Written by Lisanne

Compare Apple MacBook Pro Retina (2015) to Apple MacBook Pro Touch Bar (2017)

Bigger Touch Pad, Touch Bar, and Touch ID: the controls on the Apple MacBook Pro Touch Bar 15” (2017) are the biggest, most obvious difference to me when I compare it to the Apple MacBook Pro Retina (2015). In this article, I'll find out the other differences between the MacBook Pro Retina 15” (2015) and MacBook Pro Touch Bar 15” (2017).

Controls

MacBook Pro Retina 15 inches

The controls on the MacBook Pro Retina 15”

To each their own, but in my humble opinion, the MacBook Pro Retina's trackpad is the golden standard for all other laptops. The Force Touch trackpad simply works fantastically. It's pressure-sensitive, which means I can use to make a reasonable drawing or fast forward a video faster by pressing the trackpad harder. With Multi-Touch, I can set my own gestures, for instance for opening and closing multiple screens at the same time.

MacBook Pro Touch Bar 15 inches

The controls on the MacBook Pro Touch Bar 15”

The MacBook Pro Touch Bar's Force Touch trackpad has the same functions as that of the MacBook Pro Retina, but is bigger by 50%. That makes navigating even easier. In addition, the 2017 MacBook Pro has the Touch Bar (on the spot where you find the function keys on the MacBook Pro Retina). This touchscreen gives me all kinds of new functions, depending on the program I'm using. For instance, when editing photos, it'll give me options for filters and colors. To the right of the Touch Bar, I find the Apple Touch ID. I put my fingertip on the fingerprint scanner and it logs me in! It's also fast and easy to switch to a different user profile.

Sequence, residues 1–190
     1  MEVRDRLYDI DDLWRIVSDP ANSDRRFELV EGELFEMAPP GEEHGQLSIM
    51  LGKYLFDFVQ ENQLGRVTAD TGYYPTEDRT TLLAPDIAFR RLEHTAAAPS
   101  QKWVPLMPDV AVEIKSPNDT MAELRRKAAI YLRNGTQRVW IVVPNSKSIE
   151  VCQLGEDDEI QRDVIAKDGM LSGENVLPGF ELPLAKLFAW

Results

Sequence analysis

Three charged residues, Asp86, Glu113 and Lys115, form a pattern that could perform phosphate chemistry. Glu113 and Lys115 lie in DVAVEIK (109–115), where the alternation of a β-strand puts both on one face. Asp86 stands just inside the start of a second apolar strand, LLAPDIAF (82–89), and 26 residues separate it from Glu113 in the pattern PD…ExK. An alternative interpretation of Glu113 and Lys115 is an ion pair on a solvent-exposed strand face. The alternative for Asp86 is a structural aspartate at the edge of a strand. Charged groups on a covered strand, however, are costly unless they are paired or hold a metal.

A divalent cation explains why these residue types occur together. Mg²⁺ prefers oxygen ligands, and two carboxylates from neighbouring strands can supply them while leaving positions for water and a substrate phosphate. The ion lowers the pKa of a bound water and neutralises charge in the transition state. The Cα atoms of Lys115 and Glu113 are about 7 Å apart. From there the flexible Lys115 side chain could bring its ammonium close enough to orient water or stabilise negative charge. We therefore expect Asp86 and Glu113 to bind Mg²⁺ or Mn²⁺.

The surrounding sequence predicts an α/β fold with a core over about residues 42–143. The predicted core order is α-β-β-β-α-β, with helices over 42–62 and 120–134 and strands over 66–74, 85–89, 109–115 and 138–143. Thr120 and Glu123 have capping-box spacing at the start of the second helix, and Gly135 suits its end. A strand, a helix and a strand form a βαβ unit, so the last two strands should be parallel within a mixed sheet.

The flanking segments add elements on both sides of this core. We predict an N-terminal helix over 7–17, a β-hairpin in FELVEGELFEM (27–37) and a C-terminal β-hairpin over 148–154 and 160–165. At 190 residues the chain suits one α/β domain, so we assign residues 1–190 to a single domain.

Want to know more about the Touch Bar? I describe how to use it in the article below.

Graphics card

Graphics card MacBook Pro Retina 15 inches

The graphics card of the MacBook Pro Retina 15”

MacBook Pro Retina has an Intel Iris Pro video card. This shared video card doesn't have its own memory, but demands – depending on what I'm doing – up to 1.5GB of the MacBook's RAM. Nonetheless, the MacBook Pro Retina 15” performs very well in the different tests that I find online (in part thanks to its 4 processor cores, more about that below). In short, it's a little slower than the Pro 15" Touch Bar version – something you notice particularly when doing serious video editing – but a little more powerful than the MacBook Pro 13" with Touch Bar.

Graphics card MacBook Pro Touch Bar 15 inches

The graphics card of the MacBook Pro Touch Bar 15”

In addition to an Intel HD Graphics 630 video card, the MacBook Pro Touch Bar 15” also has a dedicated AMD Radeon Pro video card. It has 2GB (Radeon Pro 555) or 4GB (Radeon Pro 560) of its own RAM, which boosts the MacBook Pro Touch Bar's performance quite a lot. I notice this particularly when editing large video files, but rendering 3D models will also go a little smoother for instance. Are you planning on doing that? In that case, the MacBook Pro Touch Bar 15” is definitely worth the extra money.

Screen

Screen MacBook Pro Retina 15 inches

The screen of the MacBook Pro Retina 15”

Whether I'm editing photos or watching Netflix, everything on the Retina Display looks sharp and clear. The display has 2880x1800 pixels, has a brightness of 300 nits (equal to 300 candles, it's really true) and supports a standard color representation (sRGB). In other words, it's very, very good.